The Royals come out of their second-to-last offday of the season and into what sure looks like a critical road trip.
The Royals are one game up on the Tigers — a half-game if you don’t think they’re coming back from two down in the bottom of the 10th in that suspended game against the Indians — as they play three at Yankee Stadium this weekend, then three more in Detroit next week.
They are 77-61, officially, and at this point it probably figures that the winners of the AL Central and second wild card will have around 90 wins.
Here, then, is the DKTM scientific model^ projection on the Royals’ final 24 games. It got a little dramatic at the end here.
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^ Not scientific in any way, unless you count the Internet technology to bring you this minor timesuck.
Friday through Sunday, three games at Yankees: The Royals have the advantage in the pitching matchup in each game — Shields against Pineda tonight, Duffy and McCarthy tomorrow, and Ventura and Greene on Sunday. Traditionally, the Royals have never played well at Yankee Stadium, but traditionally, the Royals have stunk and the Yankees have been very, very good. Neither is true this year. The Royals should expect to win two of three, so now they’re 79-62 going to Detroit.
Monday through Wednesday, three games at Tigers: This will be the Royals’ biggest series of the season so far (likely trumped by a three-game weekend series at home against the Tigers Sept. 19-21) and they’ll see three premier pitchers. It’ll be Guthrie against Verlander on Monday, Vargas and Scherzer on Tuesday, and, likely, Shields and Porcello on Wednesday. The way this season has gone, that’s an even pitching matchup Monday, Tigers’ advantage on Tuesday, and Royals’ edge on Wednesday. This isn’t like the Yankees series this weekend, but the goal still needs to be two of three, so they’re 81-63 and feeling terrific coming home for the final homestand of the season.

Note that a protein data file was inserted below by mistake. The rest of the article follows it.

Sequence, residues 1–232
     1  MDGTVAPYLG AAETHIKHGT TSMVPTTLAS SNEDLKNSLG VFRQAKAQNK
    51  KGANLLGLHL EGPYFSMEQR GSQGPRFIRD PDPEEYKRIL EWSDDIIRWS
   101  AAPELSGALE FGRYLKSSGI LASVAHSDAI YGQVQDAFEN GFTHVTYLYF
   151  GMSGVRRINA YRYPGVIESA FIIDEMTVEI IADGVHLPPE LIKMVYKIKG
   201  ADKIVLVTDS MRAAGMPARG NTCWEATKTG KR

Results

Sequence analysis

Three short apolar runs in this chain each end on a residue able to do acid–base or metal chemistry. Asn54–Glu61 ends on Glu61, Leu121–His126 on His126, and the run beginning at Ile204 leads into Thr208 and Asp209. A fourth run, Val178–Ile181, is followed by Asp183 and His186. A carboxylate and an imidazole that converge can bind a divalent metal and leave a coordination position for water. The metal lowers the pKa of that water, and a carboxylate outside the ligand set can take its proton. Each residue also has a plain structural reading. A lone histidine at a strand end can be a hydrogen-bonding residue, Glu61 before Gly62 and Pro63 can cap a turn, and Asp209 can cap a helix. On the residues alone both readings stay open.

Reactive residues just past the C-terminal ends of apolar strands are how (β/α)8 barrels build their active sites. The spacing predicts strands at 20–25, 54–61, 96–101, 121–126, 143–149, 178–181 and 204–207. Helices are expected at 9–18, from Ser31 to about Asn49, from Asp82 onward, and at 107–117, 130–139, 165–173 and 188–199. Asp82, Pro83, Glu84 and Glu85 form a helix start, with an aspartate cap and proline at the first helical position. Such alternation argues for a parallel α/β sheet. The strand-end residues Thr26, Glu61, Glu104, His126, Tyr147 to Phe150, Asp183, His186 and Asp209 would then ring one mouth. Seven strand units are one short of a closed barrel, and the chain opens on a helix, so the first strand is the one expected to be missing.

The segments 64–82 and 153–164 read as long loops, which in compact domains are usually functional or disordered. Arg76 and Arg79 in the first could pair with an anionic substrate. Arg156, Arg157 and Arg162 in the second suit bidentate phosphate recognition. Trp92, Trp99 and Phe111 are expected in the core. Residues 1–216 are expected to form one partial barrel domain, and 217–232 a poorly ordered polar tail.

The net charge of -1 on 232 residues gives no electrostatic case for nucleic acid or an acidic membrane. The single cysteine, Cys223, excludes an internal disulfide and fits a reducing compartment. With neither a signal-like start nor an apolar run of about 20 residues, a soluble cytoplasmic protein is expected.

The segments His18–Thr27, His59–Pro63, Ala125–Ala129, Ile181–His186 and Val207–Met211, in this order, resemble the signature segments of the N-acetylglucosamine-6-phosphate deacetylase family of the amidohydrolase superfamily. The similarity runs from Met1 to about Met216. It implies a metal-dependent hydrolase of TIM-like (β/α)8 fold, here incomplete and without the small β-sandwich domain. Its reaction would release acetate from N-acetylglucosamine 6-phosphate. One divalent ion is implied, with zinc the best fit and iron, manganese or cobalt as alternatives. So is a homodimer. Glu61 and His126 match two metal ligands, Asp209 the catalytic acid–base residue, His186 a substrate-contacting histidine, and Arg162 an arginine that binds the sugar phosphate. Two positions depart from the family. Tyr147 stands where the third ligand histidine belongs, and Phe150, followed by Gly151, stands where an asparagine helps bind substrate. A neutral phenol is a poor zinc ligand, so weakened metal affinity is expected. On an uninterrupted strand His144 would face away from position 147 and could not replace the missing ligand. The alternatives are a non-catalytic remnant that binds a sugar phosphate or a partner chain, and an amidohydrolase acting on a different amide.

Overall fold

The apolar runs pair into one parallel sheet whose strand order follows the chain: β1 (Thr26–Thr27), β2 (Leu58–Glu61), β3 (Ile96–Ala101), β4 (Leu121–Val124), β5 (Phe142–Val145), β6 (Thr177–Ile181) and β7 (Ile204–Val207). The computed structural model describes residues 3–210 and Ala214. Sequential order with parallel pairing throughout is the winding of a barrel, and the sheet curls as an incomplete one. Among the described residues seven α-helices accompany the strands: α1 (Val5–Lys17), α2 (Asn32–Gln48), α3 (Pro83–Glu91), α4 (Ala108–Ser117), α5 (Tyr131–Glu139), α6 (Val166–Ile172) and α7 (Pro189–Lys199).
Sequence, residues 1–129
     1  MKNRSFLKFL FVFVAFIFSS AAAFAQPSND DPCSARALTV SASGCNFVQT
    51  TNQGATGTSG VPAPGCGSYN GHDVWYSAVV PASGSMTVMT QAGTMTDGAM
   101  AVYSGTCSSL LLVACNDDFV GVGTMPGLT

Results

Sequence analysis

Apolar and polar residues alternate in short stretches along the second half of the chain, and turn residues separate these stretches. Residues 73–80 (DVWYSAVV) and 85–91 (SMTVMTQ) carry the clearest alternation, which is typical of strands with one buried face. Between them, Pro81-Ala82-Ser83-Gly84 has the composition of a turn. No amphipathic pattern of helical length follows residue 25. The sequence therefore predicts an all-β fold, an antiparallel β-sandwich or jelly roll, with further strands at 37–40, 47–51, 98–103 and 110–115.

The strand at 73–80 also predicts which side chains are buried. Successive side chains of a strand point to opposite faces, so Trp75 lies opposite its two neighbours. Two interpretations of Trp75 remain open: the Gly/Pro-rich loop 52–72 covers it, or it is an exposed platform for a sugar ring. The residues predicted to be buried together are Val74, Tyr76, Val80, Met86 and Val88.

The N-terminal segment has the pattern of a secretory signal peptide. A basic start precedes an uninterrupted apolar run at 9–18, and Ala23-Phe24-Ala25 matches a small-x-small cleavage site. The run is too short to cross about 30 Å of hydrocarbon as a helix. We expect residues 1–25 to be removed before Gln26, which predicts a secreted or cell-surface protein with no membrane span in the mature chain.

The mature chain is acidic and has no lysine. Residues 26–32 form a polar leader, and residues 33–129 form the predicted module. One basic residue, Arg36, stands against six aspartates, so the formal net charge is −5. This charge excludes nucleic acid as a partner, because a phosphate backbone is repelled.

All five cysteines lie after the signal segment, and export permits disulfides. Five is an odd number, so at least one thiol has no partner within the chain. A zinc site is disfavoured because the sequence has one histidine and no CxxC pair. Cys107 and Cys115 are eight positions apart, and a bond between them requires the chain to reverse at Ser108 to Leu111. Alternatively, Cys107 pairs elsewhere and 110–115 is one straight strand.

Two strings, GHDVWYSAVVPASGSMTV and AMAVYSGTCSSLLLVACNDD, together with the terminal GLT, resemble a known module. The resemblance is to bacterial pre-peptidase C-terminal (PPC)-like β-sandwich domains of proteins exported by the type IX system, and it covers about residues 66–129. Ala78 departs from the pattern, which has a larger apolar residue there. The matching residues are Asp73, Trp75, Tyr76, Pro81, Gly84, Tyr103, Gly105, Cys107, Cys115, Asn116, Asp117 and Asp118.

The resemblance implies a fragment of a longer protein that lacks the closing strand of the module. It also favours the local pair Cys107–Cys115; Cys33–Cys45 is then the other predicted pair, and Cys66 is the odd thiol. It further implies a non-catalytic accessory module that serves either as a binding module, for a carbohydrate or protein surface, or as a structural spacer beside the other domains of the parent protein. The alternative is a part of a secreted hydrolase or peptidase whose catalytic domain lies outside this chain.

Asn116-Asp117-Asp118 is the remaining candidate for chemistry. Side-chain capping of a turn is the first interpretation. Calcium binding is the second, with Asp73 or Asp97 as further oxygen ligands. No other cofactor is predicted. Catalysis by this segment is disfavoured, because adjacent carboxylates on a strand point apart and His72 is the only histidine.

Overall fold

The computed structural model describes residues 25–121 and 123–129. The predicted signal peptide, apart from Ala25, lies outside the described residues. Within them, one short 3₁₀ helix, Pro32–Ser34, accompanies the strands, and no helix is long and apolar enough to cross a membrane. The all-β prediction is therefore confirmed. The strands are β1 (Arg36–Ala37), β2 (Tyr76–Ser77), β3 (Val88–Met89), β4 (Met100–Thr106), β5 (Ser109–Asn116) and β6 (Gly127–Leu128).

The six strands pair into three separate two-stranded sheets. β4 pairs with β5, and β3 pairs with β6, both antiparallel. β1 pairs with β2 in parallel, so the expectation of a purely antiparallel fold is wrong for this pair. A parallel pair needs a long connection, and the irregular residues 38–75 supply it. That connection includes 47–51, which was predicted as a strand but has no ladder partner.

Sept. 11-14, four games vs. Red Sox: Boston is listing TBA as its starting pitcher as early as Monday, so I’m not going to guess on who they’ll pitch in Kansas City. The Royals, assuming they stay in order, would go with Duffy, Ventura, Guthrie and Vargas. A split here would be fine, so now they’re 83-65 and likely with a game or two lead in the division.
Sept. 15-17, three games vs. White Sox: Again, if we’re staying in order, the Royals will be pitching Shields, Duffy, and Ventura. That’s pretty strong, but for some reason, in this highly scientific and foolproof prediction model, this feels like one where the Royals aren’t getting what they expect. They win one of three, and are now 84-67.
Sept. 19-21, three games vs. Tigers: This will be the most important series of the season, with Guthrie, Vargas and Shields kinda-sorta projected to pitch. Losing this series would feel like a wreck, especially with the suspended-game loss looming in Cleveland. Winning this series would feel like champagne. Two of three. 86-68.
Sept. 22-24, four* games at Indians: The asterisk is for the suspended game makeup, which will be played before the first game of the series. You have to figure they lose that one, but if there’s a silver lining it’s that the Indians will presumably use their closer, who would presumably be unavailable or at least fatigued in the full game to follow. Hold on for a split here. 88-70.
Sept. 25-28, four games at White Sox: So, this would, absolutely, be the most important series of Royals baseball since the 1985 World Series. The White Sox will be out of the race, but the Tigers finish with four at home against the Twins, who are also out of the race. An incredible amount of scoreboard watching, if things go the way they’re looking.
Our scientific model here has the Royals splitting, winning 90 games, and tying the Tigers. The model also has the Mariners winning the second wild card with 91 wins, meaning the Royals and Tigers have a one-game playoff on Monday, Sept. 29 — the same day the Chiefs play the Patriots at Arrowhead.
Unfortunately, the Tigers would get homefield advantage by virtue of winning the season series against the Royals, but, still.
How effing fun would that be?